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Imani is an artist, activist, researcher, and writer from New Orleans. Her work investigates the continuum of Extractivism, which spans from colonialism to climate change.

Imani is an artist, activist, researcher, and writer from New Orleans. Her work investigates the continuum of Extractivism, which spans from colonialism to climate change. As she airs the compressed layers of violence and resistance that structure US society, Imani opens portals to ecological reparations.

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Imani draws on a variety of practical and conceptual visual, linguistic, and organising tactics to investigate extractive systems and envision ecological reparations. Her work oscillates across scales, generations, and dimensions, moving from the bird’s-eye-view to the ancestor’s-eye-view.

Economic Inequality Fellow, Open Society Foundations, 2019-2021

She initiated the project Unraveling Industry, which demystifies the history and corporate ownership of oil infrastructure in Louisiana, maps infrastructure by company, and makes a case that extraction constitutes unjust enrichment.

Imani is a researcher with Forensic Architecture. There, she initiated and leads an investigation into Environmental Racism in Death Alley, Louisiana, and is a researcher on Police Brutality at the 2020 Black Lives Matter Protests.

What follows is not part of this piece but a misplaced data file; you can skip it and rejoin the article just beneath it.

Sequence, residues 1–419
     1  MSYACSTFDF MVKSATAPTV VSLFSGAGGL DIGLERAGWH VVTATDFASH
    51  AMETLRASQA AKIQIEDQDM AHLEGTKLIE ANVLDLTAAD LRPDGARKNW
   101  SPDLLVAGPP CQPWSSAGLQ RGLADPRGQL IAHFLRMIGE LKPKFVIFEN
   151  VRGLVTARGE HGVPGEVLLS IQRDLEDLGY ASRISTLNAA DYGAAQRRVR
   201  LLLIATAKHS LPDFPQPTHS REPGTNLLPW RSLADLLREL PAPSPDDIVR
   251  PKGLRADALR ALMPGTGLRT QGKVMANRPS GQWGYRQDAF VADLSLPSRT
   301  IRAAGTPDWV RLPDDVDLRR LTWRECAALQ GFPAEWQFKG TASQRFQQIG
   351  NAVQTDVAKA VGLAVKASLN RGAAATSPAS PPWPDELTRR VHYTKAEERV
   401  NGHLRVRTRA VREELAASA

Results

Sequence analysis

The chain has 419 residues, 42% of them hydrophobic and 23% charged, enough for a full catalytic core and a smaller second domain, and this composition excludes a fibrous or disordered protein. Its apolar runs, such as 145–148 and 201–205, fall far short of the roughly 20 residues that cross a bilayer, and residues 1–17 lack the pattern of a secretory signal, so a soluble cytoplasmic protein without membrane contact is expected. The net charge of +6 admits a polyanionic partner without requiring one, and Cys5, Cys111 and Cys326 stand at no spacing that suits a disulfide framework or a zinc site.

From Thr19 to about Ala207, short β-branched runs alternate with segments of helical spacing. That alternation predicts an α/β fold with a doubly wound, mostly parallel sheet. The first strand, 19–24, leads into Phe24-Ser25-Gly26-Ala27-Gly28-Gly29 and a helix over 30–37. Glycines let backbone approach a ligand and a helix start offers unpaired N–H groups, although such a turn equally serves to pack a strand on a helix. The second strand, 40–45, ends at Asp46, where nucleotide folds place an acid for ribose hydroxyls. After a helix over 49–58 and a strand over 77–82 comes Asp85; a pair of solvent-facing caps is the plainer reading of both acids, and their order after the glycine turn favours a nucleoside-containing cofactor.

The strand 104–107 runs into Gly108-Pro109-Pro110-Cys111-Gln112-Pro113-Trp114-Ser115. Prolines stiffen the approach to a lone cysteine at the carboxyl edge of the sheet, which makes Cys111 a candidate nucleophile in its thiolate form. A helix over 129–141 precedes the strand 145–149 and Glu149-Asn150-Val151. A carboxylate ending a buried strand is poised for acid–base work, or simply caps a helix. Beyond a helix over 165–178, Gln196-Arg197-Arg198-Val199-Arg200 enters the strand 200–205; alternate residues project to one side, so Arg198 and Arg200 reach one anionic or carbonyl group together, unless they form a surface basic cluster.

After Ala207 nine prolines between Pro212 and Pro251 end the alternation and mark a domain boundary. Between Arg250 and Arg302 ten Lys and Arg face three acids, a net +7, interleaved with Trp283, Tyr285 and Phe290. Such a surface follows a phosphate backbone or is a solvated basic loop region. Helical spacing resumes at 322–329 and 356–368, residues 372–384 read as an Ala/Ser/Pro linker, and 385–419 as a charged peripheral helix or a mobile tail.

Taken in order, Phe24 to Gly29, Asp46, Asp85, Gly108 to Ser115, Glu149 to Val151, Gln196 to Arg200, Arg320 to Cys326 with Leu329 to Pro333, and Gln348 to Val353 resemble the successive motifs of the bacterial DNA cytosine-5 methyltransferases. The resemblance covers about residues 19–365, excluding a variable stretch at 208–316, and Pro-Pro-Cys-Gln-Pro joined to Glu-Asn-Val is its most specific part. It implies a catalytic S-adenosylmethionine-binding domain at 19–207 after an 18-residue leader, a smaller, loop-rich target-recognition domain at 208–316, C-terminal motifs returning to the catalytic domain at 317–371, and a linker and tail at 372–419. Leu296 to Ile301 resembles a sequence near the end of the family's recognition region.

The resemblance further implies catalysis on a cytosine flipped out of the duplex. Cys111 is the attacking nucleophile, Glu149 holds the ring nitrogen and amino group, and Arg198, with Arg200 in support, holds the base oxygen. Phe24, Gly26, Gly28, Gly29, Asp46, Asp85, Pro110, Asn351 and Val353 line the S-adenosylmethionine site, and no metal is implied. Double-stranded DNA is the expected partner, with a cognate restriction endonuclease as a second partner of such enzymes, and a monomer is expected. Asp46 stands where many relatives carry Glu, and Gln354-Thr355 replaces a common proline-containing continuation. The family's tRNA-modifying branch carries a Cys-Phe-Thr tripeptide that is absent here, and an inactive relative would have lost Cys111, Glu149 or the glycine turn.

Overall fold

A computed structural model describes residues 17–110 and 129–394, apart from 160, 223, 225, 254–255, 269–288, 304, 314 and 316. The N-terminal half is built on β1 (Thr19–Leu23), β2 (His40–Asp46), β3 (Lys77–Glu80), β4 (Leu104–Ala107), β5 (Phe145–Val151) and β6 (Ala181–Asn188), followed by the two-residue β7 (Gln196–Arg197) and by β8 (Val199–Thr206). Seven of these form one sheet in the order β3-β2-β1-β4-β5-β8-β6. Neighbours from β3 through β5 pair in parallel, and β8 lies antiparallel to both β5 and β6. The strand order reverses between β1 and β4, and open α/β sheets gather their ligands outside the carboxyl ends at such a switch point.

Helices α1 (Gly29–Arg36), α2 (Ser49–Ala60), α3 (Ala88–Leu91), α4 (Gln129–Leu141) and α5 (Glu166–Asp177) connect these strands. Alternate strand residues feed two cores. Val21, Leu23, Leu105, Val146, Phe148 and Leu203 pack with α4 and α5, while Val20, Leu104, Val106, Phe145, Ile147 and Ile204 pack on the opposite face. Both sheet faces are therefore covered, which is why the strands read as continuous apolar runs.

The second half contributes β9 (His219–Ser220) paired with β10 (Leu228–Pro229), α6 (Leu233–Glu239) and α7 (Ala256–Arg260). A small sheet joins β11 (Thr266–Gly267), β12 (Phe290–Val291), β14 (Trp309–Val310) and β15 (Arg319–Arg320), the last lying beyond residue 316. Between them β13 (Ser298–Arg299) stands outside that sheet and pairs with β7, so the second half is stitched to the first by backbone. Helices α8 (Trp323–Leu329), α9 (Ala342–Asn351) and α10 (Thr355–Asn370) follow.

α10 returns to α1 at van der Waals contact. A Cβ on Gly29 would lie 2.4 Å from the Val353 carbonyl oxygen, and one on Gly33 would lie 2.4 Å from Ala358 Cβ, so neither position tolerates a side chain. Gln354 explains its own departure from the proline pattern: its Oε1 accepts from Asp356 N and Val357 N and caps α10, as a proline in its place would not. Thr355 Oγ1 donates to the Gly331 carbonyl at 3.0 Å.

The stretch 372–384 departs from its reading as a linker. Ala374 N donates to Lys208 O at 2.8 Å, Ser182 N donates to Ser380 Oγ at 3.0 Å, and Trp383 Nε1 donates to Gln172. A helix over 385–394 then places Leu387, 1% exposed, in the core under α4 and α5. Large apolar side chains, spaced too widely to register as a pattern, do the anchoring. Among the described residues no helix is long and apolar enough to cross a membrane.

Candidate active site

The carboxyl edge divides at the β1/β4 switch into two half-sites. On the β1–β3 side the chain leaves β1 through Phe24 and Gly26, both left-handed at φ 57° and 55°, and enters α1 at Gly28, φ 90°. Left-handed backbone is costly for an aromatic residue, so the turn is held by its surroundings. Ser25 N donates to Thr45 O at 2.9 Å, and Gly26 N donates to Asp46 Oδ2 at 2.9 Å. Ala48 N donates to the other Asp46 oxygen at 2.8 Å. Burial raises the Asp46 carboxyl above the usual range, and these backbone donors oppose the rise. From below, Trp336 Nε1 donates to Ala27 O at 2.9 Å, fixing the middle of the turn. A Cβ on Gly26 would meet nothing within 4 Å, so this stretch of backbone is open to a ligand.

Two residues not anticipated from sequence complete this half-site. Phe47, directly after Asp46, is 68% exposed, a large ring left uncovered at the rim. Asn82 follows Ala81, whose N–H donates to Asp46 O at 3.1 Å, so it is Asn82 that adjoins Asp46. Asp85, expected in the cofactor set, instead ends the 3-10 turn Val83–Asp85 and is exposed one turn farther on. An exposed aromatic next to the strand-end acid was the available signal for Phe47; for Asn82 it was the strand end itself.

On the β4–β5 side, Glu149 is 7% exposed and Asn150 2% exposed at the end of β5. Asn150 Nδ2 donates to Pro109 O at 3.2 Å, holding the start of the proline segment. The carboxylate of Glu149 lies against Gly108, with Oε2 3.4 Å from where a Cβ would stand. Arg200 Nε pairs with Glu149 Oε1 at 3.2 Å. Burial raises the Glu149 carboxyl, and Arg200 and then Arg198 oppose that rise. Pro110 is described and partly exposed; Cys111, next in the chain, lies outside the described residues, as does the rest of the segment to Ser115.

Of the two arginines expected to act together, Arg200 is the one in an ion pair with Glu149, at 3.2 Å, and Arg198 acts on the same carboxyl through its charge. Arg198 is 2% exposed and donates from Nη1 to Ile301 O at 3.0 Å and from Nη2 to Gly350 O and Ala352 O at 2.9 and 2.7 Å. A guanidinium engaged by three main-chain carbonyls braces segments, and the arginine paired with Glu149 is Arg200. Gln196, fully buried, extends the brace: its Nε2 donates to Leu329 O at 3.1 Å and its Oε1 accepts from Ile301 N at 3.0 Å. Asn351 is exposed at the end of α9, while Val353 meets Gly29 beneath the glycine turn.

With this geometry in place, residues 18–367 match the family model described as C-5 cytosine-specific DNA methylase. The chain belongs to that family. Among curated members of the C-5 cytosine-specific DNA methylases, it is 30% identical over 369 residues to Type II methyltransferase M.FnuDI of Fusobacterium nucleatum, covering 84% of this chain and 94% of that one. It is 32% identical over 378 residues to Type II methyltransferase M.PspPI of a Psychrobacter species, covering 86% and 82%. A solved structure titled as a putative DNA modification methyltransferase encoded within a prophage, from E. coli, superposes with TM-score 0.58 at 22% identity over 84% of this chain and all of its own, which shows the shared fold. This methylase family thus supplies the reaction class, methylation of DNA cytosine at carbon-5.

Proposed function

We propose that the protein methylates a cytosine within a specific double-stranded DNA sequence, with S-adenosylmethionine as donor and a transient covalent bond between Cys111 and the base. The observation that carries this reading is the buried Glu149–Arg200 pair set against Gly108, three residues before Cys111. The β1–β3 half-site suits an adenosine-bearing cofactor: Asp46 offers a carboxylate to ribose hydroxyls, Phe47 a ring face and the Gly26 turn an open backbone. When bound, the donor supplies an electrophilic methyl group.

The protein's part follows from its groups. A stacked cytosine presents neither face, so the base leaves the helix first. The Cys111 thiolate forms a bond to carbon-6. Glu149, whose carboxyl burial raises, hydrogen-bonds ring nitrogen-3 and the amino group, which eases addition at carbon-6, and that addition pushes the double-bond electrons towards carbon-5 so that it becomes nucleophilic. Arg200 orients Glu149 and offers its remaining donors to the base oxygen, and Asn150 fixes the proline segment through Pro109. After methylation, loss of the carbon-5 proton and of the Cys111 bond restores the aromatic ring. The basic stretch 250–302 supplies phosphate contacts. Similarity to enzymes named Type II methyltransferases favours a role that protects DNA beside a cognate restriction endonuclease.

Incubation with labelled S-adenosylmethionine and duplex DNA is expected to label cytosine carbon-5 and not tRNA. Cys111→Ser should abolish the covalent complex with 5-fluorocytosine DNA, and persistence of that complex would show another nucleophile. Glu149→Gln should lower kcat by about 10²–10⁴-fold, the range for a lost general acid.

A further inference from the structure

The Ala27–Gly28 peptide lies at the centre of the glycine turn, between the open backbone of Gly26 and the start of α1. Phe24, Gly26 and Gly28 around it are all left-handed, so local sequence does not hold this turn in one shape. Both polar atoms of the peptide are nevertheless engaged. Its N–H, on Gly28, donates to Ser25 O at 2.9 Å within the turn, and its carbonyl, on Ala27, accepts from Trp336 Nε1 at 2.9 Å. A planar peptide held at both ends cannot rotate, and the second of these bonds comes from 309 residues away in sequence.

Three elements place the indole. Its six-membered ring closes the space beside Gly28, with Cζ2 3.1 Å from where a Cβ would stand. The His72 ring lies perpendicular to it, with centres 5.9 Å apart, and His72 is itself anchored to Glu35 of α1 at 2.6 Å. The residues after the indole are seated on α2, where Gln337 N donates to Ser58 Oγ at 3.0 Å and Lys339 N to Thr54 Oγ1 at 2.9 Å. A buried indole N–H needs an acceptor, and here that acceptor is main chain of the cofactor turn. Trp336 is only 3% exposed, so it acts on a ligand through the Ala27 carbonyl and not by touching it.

Imani’s practice has long been collective; she was a co-founder of Blights Out, a collective of artists, activists, and architectects investigating predatory development in gentrifying post-Katrina New Orleans; she initiated Fossil Free Fest, a festival to celebrate the end of the Fossil Fuel Era and examine the ethical entrapments of fossil fuel philanthropy; and she was a core member of Occupy Museums, a collective of artists calling out the financialisation of art and culture.

Among other things, Imani is also an economic inequality fellow with Open Society Foundations.

Imani is the editor of MARCH issue 2: Black Ecologies.

Black ecologies: an opening, an offering, MARCH, a journal of art and strategy, March 2021.

To the pigeons on my balcony: a love letter, CC:World, Haus der Kulturen der Welt, August 2020.

Should we consider fossil fuel extraction an unjust enterprise?, Business and Human Rights Resource Centre, 10 Feb 2020.

Between You and Me: Imani Jacqueline Brown & Kenneth Pietrobono, Art Practical, 24 July 2018.

Blights Out, Zombifying Neighborhoods, the Cultural Ramifications of Gentrification in New Orleans, Shelterforce, 23 August 2017.

The Black Market: Kevin Brisco, Jr. at Good Children Gallery, Pelican Bomb, 28 July 2017.

Performing Bare Life, global activism, Krytyka Polityczna, 10 Sept 2014.